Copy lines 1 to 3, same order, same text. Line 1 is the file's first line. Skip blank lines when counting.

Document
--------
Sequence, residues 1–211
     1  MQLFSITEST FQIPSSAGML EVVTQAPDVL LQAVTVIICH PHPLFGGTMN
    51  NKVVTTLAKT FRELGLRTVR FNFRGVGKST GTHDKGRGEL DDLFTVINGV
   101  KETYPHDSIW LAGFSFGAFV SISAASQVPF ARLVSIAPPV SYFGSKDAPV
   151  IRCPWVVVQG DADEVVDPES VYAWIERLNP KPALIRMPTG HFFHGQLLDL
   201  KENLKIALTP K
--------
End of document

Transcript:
Sequence, residues 1–211
     1  MQLFSITEST FQIPSSAGML EVVTQAPDVL LQAVTVIICH PHPLFGGTMN
    51  NKVVTTLAKT FRELGLRTVR FNFRGVGKST GTHDKGRGEL DDLFTVINGV